9th October 2008
Edwin Stratton, 43, of Leyton, London, is charged with production of cannabis under the Misuse of Drugs Act 1971 (“The Act”). He has today given notice of his intention to challenge the legitimacy of this prosecution in the High Court as an abuse of process. This assertion is evidenced by the bias and discrimination inherent in the policy that equally harmful drugs and those exercising property rights in such drugs should be treated differently in law. The defence claims a majoritarian abuse of power by the executive in the administration of drugs legislation. The rights afforded under the Human Rights Act 1998 guarantee freedom from arbitrary discrimination: this claim is grounded in the unequal protection afforded to drug property rights between ‘licit’ and ‘illicit’ drugs. This challenge seeks to hold the government and the Advisory Council on the Misuse of Drugs (“ACMD”) to account for an alleged irrational administration of the law which has led to countless thousands of lives lost and destroyed in the so-called ‘War on Drugs’.
1. Edwin is being prosecuted for his medical use of cannabis which he attempted to grow in the privacy of his home. He suffers from a hyper-sensitive form of coeliac disease which leaves him with constant pain and nausea for which cannabis is uniquely effective in his experience, and without the dreadful side-effects he experiences with prescription drugs.
2. Due to the nature of this legal challenge, which squarely puts the government’s application of the law in the spotlight – this case must, according to law, be heard in the High Court.
3. Edwin says: “Drugs legislation intends to protect us from harmful drugs. I absolutely agree with that aim, but the present policy is a disaster from a harm-reduction perspective. The legal classification of drugs is entirely inconsistent with the objective of creating a criminal tariff of punishments for drugs offences according to their relative harmfulness or potential for harm”. Support for this position has come from organisations such as Transform Drug Policy Foundation, Release, the Beckley Foundation, The Parliamentary Select Committee on Science and Technology and the ACMD’s own prevention working group in their 2006 report ‘Pathways to Problems’. The incoming chair of the ACMD co-authored a March 2007 report in the Lancet, which presented a hierarchy of drug harm as determined by experts, elucidating the arbitrariness of the current classification of drugs under the Act.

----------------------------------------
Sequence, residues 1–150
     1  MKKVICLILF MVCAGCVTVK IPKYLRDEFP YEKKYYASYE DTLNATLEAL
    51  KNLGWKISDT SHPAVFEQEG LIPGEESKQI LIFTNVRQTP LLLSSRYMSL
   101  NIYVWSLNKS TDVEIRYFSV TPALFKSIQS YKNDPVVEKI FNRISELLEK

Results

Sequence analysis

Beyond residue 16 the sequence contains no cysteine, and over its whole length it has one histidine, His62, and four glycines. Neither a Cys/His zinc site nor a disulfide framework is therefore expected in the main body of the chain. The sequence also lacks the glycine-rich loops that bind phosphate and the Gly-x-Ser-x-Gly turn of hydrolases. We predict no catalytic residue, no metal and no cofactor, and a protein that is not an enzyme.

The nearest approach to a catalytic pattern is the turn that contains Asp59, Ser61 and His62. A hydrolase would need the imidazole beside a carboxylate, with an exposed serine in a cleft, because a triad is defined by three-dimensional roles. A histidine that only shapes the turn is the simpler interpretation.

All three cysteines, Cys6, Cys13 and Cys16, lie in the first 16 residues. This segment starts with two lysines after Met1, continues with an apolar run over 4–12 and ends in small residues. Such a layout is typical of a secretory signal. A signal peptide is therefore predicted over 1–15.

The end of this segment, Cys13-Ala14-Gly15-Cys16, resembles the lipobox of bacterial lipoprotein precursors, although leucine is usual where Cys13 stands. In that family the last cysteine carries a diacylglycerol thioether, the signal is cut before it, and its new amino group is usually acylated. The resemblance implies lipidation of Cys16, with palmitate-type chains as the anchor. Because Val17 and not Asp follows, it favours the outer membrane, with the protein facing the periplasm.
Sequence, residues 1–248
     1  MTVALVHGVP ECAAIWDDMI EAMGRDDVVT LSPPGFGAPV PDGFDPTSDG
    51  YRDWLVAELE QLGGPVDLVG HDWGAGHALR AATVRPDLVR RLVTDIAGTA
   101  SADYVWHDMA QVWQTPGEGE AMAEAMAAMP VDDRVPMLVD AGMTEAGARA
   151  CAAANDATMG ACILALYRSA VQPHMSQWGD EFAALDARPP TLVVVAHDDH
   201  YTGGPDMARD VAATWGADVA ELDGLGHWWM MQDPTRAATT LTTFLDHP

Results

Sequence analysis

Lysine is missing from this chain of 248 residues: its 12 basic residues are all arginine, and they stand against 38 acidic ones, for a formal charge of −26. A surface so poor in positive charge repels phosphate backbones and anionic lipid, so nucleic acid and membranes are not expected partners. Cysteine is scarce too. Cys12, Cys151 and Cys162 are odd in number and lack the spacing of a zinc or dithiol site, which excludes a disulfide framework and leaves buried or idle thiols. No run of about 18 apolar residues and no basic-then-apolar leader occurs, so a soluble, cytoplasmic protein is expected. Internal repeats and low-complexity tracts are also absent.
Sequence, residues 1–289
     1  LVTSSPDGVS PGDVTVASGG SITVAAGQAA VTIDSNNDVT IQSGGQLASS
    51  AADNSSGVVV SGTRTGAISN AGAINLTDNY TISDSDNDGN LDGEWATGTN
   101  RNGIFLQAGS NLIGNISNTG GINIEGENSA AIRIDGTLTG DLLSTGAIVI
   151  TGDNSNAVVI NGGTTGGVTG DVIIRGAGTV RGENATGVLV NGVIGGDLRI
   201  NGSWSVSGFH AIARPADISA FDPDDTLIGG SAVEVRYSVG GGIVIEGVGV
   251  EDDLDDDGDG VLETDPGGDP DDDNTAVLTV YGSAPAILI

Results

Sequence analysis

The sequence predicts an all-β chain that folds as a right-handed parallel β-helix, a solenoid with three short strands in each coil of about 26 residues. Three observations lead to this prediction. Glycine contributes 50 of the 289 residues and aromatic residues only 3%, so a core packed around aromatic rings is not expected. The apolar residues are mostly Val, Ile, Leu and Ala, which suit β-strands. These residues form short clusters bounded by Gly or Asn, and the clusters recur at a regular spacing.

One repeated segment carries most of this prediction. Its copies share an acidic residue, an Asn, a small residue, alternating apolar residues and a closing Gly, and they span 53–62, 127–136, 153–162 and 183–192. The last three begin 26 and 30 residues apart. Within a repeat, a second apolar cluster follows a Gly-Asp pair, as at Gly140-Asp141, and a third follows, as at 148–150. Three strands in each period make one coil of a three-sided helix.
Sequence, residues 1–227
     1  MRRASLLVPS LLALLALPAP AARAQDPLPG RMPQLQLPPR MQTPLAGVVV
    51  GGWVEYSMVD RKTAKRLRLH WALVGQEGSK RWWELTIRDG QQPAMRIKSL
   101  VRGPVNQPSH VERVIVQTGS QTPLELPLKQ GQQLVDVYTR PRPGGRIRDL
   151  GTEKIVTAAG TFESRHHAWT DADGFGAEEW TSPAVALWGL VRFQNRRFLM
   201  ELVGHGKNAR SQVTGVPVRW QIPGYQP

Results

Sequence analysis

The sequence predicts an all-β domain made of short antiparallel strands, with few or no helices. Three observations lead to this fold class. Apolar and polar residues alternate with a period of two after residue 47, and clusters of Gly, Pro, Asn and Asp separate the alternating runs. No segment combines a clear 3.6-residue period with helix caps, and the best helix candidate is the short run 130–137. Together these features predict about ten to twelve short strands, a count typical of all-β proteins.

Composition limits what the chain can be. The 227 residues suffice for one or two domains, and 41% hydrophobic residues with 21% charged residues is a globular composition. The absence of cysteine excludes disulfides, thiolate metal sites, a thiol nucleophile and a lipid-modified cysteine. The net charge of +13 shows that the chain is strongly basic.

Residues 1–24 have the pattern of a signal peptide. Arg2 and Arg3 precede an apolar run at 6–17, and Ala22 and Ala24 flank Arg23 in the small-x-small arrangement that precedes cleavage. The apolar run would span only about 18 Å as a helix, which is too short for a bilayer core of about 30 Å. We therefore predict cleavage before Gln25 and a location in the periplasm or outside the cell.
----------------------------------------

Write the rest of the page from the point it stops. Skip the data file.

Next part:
4. The discriminatory application of law is starkly obvious when we factor in the harms caused by alcohol and tobacco, which together kill 150,000 people in the UK every year. Despite over 800,000 hospital admissions last year due to alcohol abuse, cannabis users cause far less harm to themselves and others and yet are compelled not only to risk arrest, prosecution and imprisonment, but also must endure the risk of dealing with criminal elements, risk their health due to contaminants, and risk exposure to products of unknown strength – all of which Edwin sought to avoid by growing it himself. Despite awareness campaigns, the legal status of alcohol and tobacco falsely signifies that these drugs are safer than many controlled drugs; this results in a lack of proper legal protection for alcohol and tobacco users in comparison to the stringent controls over equally harmful controlled drugs. Edwin says that “my advisers consider that the government does not have the discretion in law to exclude dangerous drugs from the remit of the enforcement legislation on the arbitrary basis of ‘cultural and historical precedents’. Government insists that the responsible use of alcohol and tobacco can be maintained without subjecting either to controls under the Act, whereas this possibility is denied to users of other equally harmful drugs, these double standards perpetuate detrimental consequences to users of all kinds of drugs”. (see HM Government official response to the Cabinet Office Better Regulation Executive (September 27th 2007).
5. Edwin is a part of a campaigning network known as the nascent DEA (Drug Equality Alliance). Individuals can register their support by visiting http://www.drugequality.org – the group is seeking to illuminate support for a much needed transformation of the impasse causing so much harm to people who use drugs of all kinds.Republish